EMEKA NZE writes that as preparations for 2023 contests for power are atop gear, the debate between the north and south, the six geo-political zones, as well as the senatorial districts of the states, on the issue of whose turn it is, have reached a deafening pitch.
Between north and South
For the country, it is between the north and the south and the argument, gaining more prominence by the day, is now that the north, under President Muhammadu Buhari, is finishing his second term in office next year, the natural thing is for the power to swing to the south.
But the north has always insisted that it would be too early for the south to clamour for power. Their argument is anchored on the premise that ex Presidents Olusegun Obasanjo and Goodluck Jonathan, from the South, on the whole, spent 14 years while the north under late Umar Musa Yar’ Adua who merely before his death spent only two years in office and and added to President Buhari’s eight years becomes ten years.
However plausible the north’s position might be, many northerners, notably Governor Aminu Waziri Tambuwal of Sokoto state, Bala Muhammed of Bauchi state, Alhaji Atiku Abubakar, Governor Yahaya Bello of Kogi state, amongst others, are already angling to contest the forthcoming presidential election next year with a view to succeeding President Muhammadu Buhari.
Clamour by regions
While the debate for power shift from the north to the south is not abating, the struggle for power by some geopolitical zones within the north is also raising much dust. For instance, the North East and the north central are not leaving anything to chance to clinch the nation’s number one seat of power.
From arguments advanced, the north central, being more vocal views itself as unfairly treated, having not had a shot at the presidency since this democratic dispensation. The rallying point of this agitation, Governor Yahaya Bello of Kogi state, his campaigners becoming more visible lately, harping that “what is proper for the goose is also good for the gander.” Ditto the North East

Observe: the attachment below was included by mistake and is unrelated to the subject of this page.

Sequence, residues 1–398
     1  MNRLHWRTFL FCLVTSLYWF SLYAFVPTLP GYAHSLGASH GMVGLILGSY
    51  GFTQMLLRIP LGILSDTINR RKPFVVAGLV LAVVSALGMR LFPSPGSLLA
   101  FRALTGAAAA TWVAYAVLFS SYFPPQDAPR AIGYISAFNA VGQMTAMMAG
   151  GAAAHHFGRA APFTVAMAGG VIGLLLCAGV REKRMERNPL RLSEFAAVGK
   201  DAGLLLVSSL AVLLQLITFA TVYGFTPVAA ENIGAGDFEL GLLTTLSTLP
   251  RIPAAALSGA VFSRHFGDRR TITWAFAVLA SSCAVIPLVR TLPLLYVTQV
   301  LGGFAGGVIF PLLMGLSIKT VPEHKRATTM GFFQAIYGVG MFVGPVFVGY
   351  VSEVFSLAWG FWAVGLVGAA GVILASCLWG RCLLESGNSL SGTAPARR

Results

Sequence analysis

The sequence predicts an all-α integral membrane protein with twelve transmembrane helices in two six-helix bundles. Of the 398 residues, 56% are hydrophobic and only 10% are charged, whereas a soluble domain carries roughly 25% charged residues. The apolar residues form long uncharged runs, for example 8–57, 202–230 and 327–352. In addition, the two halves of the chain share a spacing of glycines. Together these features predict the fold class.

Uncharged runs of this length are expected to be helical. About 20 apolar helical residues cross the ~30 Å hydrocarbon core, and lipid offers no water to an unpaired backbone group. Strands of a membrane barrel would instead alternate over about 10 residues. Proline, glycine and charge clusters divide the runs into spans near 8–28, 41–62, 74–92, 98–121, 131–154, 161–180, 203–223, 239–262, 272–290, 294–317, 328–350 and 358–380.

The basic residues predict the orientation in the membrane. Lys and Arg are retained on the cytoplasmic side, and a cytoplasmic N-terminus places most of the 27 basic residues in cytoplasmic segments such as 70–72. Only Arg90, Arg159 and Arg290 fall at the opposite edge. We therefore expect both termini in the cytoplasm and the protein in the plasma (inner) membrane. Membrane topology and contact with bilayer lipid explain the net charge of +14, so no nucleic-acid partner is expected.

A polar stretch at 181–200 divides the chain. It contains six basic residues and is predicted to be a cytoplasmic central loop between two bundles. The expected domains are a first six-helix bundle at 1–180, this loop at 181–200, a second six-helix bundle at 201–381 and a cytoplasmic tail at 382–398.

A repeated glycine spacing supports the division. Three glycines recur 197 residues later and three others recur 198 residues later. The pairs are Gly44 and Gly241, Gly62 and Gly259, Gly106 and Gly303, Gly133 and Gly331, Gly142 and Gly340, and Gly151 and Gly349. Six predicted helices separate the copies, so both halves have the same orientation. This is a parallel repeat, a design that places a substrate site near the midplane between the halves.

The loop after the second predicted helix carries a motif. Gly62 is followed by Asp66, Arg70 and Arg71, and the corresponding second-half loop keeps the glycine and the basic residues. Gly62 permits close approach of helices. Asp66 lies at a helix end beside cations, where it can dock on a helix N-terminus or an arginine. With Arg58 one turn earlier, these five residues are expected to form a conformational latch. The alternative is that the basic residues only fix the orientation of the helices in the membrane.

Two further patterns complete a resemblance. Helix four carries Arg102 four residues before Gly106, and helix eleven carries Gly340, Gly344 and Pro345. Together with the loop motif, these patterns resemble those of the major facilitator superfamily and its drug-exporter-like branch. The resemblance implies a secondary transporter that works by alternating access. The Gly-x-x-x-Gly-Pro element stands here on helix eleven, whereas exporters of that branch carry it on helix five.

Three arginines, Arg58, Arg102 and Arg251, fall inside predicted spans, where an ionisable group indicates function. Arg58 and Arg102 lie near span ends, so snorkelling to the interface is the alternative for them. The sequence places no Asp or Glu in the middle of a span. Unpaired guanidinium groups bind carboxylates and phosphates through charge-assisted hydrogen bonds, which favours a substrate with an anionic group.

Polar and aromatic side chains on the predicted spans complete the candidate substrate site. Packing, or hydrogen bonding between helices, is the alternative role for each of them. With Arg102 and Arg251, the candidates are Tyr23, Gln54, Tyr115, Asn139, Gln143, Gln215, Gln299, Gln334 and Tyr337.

However, if the north would finally cede power to the south as prominently being agitated, it is not clear whether power would shift to the South East, the South West or even the South South.
What is certain is that consultations by presidential aspirants from across the three geo political zones have gained momentum and the parties have kept mum on the issue of zoning.
Among the three geo-political zones of the South, the South West seems more vociferous, especially, the duo of the former governor of Lagos state, Asiwaju Bola Ahmed Tinubu and his ex subordinate and Vice president, Prof Yemi Osinbajo.
Also in the race are Ekiti state governor Kayode Fayemi all of the All Progressives Congress (APC). There is another emerging force from the South West, Prince Adebayo Adewole from Ondo state. He is of the Rescue Nigeria Project and feels that “aspirants under the APC and PDP are spent forces who mean no good for the country.”
But the argument against the South West is that “it would be unfair and insensitive on the part of those yearning to be president from the region given that former President Obasanjo from the South West did eight years in office. Also affected by this argument is the South South whose son Jonathan spent six years in office.
The promoters of this position believe that if power would return to the South, the South East would be the only geopolitical zone to beam searchlight.
Argument for South East
In the South East, voices have also gone hoarse about the level of marginalisation, discrimination and injustice meted out to the zone by denying them the opportunity to hold power at the centre since the end of the civil war.
Many of them from the zone hinge this to the conspiracy by the rest of the country to deprive them of the opportunity to be at the Nigeria’s helm of affairs. As much germane as this argument might seem, the rest of the country has also blamed the South East for not putting their acts together in terms of harmonising themselves to lead the country. The purveyors of this view have cited the incessant threat by the geo political zone to secede from Nigeria.